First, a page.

As a companion piece to recent research on immune dysfunction in the central nervous system as the bridge between early amyloid-β and later tau pathology in Alzheimer’s disease, here is a another recent discussion of work demonstrating cellular senescence to arise from amyloid-β aggregation in the brain. In this view of Alzheimer’s disease, the primary reason why amyloid-β plaques set the stage for the later, much more harmful phase of the condition, is that the plaques cause cells to become senescent. These cells secrete a mix of inflammatory signals, and the consequent neuroinflammation and dysfunction of immune cells spurs aggregation of tau into neurofibrillary tangles. That in turn causes cell death, synaptic destruction, dementia, and death.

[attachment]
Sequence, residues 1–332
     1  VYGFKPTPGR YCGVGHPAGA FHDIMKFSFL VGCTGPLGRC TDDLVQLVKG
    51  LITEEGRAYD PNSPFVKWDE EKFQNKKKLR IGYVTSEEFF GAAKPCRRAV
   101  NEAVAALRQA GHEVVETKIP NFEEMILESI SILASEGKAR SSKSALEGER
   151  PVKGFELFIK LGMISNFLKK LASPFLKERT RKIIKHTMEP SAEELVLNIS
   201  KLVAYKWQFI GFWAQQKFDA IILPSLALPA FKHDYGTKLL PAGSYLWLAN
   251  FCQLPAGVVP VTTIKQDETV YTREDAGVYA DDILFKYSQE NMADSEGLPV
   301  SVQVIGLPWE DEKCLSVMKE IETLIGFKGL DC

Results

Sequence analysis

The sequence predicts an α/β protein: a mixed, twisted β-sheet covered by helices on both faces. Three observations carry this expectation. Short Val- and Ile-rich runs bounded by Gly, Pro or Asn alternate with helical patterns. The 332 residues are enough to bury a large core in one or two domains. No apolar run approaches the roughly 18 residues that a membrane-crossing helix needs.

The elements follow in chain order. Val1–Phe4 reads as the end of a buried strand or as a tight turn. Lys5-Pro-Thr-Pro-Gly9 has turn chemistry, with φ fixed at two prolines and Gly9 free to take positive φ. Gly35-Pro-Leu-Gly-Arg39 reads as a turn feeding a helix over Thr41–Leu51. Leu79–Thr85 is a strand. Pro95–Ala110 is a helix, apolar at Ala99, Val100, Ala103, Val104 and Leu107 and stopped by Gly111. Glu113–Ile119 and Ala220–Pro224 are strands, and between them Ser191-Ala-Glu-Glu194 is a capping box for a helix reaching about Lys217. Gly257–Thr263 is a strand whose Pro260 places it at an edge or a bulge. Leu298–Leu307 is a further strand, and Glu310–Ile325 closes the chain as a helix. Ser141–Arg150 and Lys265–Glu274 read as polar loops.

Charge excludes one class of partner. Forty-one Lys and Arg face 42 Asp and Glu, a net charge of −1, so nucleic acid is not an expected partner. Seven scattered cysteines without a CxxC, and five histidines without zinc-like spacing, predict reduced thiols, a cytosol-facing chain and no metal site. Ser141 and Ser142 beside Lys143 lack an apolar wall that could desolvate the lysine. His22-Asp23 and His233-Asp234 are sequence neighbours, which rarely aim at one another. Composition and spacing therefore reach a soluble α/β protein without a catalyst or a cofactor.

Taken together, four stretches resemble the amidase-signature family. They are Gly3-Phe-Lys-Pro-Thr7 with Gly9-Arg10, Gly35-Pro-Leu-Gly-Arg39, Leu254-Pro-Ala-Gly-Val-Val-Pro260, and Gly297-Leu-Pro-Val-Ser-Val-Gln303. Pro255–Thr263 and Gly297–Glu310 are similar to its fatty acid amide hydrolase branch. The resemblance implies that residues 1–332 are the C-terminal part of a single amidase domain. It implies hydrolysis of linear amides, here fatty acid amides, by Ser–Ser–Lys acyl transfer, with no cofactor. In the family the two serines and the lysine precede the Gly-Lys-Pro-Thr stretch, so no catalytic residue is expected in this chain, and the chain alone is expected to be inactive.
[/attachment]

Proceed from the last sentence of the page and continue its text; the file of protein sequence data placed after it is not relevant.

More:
Fortunately, these new discoveries strongly suggest that senolytic therapies that can bypass the blood-brain barrier should be effective in treating Alzheimer’s disease. Quite effective in comparison to any existing therapy, at least, which is admittedly a low bar to pass at this point in time. Nonetheless, given the robust results produced by senolytics for all of the other most common inflammatory conditions of aging in animal studies, we might be optimistic. Recent demonstrations in
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